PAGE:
Fair Woodworking

February 12, 2012

How I flatten my stones

I guess this is part #4…

If you want to bury yourself in text, as I wax not so eloquently about the value of stone flattening, there is more than just this post!  Oh yes my dear friends there is more. Much, much more. You can start with “How do you flatten your stones?“. If that wets your appetite, move on to “How do you know your stones are flat? “. If that doesn’t gag you, you will be ready for “Lap a chisel back in 6 minutes“. When you regain conciseness, run for the hills!

Or, you can continue here for desert. Much of this post is from an old forum post I made.

Here you go!

Here is my sharpening station with the 3 Norton stones I use. From left to right my 1000/8000 (I’ll be calling this my “8”), 1000/4000 (AKA “4”), and finally my 1000 grit stone (AKA “1”).

You will notice some lines on all the stones. Those are areas I have recently sharpened. Once I have marked the full stone it is time to flatten it. On a side note I generally only use the “1” for 1000 grit sharpening as the 4 and 8 are more expensive stones, they also are best left flat so that they can flatten the 4000 or 8000 surface when they need it.

Here you can see in the second frame, I have flipped over the 8 and 4 and marked a bunch of lines so we can see the progress.

I start by taking the 8 and rubbing it’s 1000 side against the 1000 side of the 4. I rub up and down just at little overlapping ¼ to ½ of an inch about 10 times. I then move the 8 to the 1 and rub again. Then I return the 8 to its place.

I then take the 4 and rub it against the 8, move it across to the 1, and return it to its place.

This first frame here is the result, I repeated the steps using the 1 to get to the second frame.

I find that when the pencil marks are this faint you are pretty darned flat, but one more round would probably remove them completely.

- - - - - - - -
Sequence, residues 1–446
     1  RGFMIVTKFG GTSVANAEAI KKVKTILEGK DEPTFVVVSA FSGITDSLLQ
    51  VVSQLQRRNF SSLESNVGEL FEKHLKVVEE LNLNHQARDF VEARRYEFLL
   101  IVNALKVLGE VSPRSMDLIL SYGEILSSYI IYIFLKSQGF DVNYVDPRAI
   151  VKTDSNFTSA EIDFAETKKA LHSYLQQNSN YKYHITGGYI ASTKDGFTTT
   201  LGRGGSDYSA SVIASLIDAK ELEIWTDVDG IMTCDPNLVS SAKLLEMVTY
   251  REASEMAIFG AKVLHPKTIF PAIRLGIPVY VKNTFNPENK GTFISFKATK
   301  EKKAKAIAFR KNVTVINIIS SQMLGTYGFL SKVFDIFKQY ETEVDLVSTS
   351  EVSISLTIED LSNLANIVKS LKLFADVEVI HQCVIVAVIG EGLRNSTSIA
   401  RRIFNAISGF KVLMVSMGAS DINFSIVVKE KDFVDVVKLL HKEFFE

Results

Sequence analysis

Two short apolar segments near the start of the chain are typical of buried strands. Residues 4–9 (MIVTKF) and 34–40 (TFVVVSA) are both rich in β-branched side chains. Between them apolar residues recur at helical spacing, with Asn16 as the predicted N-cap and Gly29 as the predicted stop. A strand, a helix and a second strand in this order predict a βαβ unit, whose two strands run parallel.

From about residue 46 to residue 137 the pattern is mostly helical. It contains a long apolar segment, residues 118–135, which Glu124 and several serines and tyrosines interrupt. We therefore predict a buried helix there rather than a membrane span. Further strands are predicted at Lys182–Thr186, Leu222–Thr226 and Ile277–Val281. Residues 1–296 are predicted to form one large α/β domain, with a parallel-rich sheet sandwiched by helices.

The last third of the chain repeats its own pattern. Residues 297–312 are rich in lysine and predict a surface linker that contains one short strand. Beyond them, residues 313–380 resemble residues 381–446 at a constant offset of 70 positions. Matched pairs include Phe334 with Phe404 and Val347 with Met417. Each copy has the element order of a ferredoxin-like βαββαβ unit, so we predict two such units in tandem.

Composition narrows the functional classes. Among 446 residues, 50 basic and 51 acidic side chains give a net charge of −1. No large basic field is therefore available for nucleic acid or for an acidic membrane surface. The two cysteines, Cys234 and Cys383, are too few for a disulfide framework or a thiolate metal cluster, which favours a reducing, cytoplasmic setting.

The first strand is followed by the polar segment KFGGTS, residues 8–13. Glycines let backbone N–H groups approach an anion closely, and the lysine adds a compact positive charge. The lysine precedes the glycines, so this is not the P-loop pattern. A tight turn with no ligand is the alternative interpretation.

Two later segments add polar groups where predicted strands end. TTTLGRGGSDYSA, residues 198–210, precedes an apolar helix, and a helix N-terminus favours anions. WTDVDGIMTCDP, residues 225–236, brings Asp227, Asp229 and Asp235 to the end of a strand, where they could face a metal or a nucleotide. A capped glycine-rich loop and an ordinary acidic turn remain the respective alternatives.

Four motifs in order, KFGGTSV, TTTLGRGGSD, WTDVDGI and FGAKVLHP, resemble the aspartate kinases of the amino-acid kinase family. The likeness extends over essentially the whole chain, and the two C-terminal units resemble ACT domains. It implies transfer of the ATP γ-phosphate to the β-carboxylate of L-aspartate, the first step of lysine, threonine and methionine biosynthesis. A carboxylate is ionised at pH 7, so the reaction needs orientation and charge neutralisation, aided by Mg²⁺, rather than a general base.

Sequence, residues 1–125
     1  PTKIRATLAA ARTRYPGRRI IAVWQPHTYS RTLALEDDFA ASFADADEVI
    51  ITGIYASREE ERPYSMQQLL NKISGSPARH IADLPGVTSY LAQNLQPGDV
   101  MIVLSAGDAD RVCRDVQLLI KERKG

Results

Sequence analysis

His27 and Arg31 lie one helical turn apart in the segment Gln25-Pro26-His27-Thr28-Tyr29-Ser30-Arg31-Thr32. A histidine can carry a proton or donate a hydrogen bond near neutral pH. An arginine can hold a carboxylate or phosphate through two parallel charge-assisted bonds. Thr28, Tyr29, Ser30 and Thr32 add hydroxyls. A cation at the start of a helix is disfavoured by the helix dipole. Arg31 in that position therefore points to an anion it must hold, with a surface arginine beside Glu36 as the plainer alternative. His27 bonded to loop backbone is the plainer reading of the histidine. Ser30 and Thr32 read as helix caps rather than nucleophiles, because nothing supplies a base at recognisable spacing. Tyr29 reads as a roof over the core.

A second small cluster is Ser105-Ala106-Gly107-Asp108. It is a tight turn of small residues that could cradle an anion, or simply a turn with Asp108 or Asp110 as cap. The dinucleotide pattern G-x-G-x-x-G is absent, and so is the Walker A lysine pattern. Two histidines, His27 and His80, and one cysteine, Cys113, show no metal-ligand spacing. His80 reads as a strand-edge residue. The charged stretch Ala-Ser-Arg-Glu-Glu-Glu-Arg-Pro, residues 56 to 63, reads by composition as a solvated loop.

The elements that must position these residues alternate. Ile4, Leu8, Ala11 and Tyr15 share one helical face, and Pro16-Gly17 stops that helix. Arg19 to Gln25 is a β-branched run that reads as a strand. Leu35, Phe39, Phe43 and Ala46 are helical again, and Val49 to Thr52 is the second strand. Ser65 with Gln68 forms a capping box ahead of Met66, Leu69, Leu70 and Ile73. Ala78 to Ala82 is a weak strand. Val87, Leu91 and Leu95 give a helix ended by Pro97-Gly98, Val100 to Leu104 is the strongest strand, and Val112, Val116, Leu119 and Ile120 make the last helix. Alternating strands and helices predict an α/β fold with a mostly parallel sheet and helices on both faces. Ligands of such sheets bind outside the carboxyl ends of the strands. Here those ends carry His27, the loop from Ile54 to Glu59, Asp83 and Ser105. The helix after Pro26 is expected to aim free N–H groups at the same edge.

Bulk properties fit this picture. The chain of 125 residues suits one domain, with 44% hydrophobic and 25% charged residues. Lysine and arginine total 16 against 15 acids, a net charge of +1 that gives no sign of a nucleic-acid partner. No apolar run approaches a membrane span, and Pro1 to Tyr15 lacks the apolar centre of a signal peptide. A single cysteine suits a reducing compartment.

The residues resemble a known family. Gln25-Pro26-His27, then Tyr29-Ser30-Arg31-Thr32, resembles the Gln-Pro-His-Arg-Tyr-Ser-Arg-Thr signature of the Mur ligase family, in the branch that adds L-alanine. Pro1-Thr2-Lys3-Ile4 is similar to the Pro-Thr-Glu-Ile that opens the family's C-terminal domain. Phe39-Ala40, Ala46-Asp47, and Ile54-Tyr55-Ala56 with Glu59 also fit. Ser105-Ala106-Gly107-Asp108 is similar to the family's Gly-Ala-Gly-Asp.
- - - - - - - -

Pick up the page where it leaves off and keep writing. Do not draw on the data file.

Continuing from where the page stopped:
So what is actually happening here? Its all about the rule that 3 is a crowd. Your stones will generally be either concave (dished) or convex (errr humped???). If you have 3 stones chances are one is one way and the other two are the other way. So let’s pretend you have to concave and one convex.

Rub #1 convex against #2 concave, and then #1 convex against #3 concave. Very little will change here, but then when you rub #2 and #3 against each other the high points (circled) will be removed first, and those two stones will relatively flatten out.

Now #2 and #3 gang up on #1. When you rub #1 against #2 (and then #3) only the center of #1 touches the center of #2 (and #3) removing the bulk of the hump in #1 and returns both #2 and #3 to a much less dramatic concave shape. #2 and #3 flatten each other out again, and go to work on #1 again.

And so on and so on. At some point they will all even out.

I know it’s a little hard to absorb, and it’s just as hard to explain, but it works. It really, really works. It’s also one of the more affordable options. You need stones already, so however you do it, you will have a 1000, 4000, and 8000 (I’m assuming). All you need is 2 additional 1000 stones, or in my case with the combo stones 1 more 1000. You just need 3 individual stones that have a 1000 grit surface (3 is the critical number. Not 2, not 4, not 6). Once the 1000 grit sides are flat, you can then use them to flatten the 4000 and 8000 grit sides of the stones. It was suggested to me a while ago that you could save some money and time by just using the 1000, 4000 and 8000 surfaces with this system. I got to thinking that this could be a great option if it only works. So I tried it…

It seemed fine for the first week. After a month or so, I had a new blade that needed lapping, and was very surprised at how much trouble I was having. Slowly over time, the stones were going out of flat. The 1000 had severely rounded off both the 4000, the 8000 because they couldn’t cut as fast. It took a while to get them all back to flat using my old method, but once done. Lapping the blade was amazingly fast again.

Continue to next segment?

Editors note – I’ve added a video demonstrating the 3 stone system in a new post. There is also some additional description that I think may be helpful.

The video may as well be on this post as well…

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